BRITISH ARMY’S MURDEROUS RAMPAGE THROUGH THREE IRISH TOWNS
[ 23 September 1920 ]
In the early hours of 23 September 1920, British auxiliary troops, known as the ‘Black and Tans,’ descended on three small coastal towns in County Clare in Ireland. A report in the British press noted that ‘large parties of uniformed men attacked… Miltown, Lahinch and Ennistymon, and by burning and looting did enormous damage. In the three places 19 houses were destroyed, and shops and other buildings were gutted, including the town halls of Lahinch and Ennistymon.’1
BRITISH KILL HUNDREDS OF VIETNAMESE AND BURN LARGE AREAS OF SAIGON.
[ 23 September 1945 ]
On 23 September 1945, the British army in Vietnam backed a French coup in Saigon, the former capital of French Indo-China, with the aim of restoring colonial rule.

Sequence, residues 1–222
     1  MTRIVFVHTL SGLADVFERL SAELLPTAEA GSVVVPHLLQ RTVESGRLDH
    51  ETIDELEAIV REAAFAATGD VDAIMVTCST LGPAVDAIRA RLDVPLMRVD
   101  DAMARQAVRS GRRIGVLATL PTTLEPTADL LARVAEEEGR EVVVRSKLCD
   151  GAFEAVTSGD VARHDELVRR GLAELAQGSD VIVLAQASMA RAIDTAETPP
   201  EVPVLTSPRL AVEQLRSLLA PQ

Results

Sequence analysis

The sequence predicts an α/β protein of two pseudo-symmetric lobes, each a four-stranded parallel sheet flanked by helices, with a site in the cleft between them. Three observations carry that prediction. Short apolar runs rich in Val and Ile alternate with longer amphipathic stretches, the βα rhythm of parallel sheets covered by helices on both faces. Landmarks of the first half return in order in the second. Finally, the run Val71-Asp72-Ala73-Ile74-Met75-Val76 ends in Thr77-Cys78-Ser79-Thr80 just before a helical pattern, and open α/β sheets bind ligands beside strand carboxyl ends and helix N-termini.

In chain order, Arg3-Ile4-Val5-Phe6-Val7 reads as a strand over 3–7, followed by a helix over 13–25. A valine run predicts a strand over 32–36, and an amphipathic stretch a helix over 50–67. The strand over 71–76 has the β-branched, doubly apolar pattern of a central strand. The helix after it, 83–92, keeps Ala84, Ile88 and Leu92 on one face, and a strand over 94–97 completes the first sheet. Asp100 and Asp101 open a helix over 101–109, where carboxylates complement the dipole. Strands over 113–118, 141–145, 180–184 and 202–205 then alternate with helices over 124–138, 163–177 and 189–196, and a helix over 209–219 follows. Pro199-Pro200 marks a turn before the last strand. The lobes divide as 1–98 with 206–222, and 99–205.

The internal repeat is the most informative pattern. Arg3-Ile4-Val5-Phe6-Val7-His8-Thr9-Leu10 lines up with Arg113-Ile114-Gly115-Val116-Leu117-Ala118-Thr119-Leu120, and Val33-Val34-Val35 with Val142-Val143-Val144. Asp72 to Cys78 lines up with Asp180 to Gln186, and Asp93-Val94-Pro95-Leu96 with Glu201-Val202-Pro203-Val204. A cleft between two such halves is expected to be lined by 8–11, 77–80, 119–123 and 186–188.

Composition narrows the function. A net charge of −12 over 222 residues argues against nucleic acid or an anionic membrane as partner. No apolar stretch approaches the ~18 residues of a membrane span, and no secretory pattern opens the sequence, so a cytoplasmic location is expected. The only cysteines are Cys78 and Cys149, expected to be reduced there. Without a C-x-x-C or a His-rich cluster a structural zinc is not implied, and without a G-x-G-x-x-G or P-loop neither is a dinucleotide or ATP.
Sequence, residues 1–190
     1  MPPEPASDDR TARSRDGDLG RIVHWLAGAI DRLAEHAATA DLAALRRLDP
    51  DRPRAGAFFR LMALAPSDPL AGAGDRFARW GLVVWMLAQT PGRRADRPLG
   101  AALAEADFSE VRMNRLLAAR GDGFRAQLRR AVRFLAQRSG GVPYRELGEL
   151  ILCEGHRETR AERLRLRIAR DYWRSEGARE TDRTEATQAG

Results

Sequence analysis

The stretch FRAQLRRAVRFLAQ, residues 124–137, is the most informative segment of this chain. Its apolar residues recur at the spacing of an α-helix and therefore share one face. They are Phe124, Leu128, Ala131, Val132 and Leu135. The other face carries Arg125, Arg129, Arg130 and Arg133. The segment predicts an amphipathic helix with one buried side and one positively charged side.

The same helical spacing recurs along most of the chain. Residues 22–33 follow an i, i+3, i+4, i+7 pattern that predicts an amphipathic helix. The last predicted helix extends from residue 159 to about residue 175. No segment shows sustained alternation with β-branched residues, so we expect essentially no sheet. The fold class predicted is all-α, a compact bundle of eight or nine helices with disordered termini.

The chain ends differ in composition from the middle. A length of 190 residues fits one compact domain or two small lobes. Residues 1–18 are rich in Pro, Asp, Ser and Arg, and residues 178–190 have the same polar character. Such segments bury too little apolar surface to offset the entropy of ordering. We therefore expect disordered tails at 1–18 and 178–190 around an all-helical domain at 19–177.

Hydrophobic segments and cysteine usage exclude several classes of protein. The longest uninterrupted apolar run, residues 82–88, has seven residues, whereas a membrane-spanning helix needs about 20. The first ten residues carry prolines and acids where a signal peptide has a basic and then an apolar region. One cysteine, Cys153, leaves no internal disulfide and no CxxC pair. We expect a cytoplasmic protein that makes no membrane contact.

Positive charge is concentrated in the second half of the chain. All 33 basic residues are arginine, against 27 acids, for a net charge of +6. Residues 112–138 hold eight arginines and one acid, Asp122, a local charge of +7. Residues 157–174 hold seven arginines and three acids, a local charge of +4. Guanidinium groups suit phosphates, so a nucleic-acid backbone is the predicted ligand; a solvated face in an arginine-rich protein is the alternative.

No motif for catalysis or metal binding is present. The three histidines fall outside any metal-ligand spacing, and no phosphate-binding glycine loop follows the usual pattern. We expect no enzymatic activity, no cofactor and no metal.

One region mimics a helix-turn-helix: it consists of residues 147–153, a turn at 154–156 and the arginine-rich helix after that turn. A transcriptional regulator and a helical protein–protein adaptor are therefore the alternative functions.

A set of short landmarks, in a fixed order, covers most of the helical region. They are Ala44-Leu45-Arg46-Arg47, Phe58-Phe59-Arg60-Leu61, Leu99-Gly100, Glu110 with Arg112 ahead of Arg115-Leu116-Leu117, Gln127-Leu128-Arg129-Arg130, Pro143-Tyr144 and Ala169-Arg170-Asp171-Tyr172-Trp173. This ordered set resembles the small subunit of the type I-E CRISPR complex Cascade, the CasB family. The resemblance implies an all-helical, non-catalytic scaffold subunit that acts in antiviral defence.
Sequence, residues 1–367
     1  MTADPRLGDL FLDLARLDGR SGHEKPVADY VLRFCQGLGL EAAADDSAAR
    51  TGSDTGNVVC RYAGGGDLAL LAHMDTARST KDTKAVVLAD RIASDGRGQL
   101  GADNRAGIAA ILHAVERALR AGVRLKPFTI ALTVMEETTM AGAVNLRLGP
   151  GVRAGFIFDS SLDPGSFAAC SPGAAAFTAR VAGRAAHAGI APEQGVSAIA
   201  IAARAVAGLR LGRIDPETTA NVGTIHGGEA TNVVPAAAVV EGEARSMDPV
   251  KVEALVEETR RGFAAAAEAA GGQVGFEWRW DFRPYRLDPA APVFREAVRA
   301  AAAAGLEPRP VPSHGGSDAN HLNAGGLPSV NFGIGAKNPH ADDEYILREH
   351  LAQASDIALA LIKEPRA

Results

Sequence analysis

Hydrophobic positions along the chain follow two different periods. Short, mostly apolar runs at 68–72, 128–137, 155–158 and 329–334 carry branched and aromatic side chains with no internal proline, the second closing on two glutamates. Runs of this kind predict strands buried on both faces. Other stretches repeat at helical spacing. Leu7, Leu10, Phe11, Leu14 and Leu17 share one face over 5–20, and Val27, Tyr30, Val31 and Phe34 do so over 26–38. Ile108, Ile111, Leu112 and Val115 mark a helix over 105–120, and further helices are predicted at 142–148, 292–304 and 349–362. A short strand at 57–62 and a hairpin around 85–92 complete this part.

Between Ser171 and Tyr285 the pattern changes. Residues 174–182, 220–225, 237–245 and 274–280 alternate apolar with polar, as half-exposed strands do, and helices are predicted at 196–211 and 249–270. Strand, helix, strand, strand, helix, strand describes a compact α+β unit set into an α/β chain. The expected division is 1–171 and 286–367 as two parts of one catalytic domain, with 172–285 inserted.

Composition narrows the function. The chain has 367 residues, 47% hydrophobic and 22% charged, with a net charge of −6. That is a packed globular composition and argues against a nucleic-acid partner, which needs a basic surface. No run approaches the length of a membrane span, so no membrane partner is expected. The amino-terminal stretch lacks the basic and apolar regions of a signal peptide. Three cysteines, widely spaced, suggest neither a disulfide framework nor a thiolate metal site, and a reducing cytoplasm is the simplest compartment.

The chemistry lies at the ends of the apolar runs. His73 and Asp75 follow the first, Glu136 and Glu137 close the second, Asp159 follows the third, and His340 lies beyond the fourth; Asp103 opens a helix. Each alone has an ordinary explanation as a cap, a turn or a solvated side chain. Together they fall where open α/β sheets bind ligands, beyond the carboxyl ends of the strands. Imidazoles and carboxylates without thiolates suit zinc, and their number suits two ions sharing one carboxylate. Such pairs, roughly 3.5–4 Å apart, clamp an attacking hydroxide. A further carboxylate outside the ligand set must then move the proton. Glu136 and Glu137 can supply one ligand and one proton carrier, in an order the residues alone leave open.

LONDON GIVES SENIOR KENYAN POLICE OFFICERS POWER TO ATTEST TO A PRISONER’S CONFESSION
[ 23 September 1952 ]
By the autumn of 1952, as the British resorted to mass detentions to crush the anti-colonial Mau Mau rebellion in Kenya, there was an escalating back log of hundreds of cases against suspect insurgents. On 23 September, London instructed Kenya’s colonial government to pass an ordinance giving senior police officers the power to attest to a prisoner’s confession. This deprived defendants of the ability to effectively challenge the validity of their confessions in court against the word of a senior police officer, and thereby allowed the trials of hundreds of Mau Mau suspects to proceed more quickly. By December 1954, there were 71,000 Kenyans in prison for crimes related to the insurgency, and by the end of the decade 1090 had been hung, more than double the number of executions by the French in Algeria.2
- ‘Murders of Six Policemen Terribly Avenged,’ The Nottingham Journal and Express, 24 September 1920, p. 1.
- David Anderson, Histories of the Hanged, Weidenfeld and Nicolson, London, 2005 p. 7, p. 53 and p. 356.
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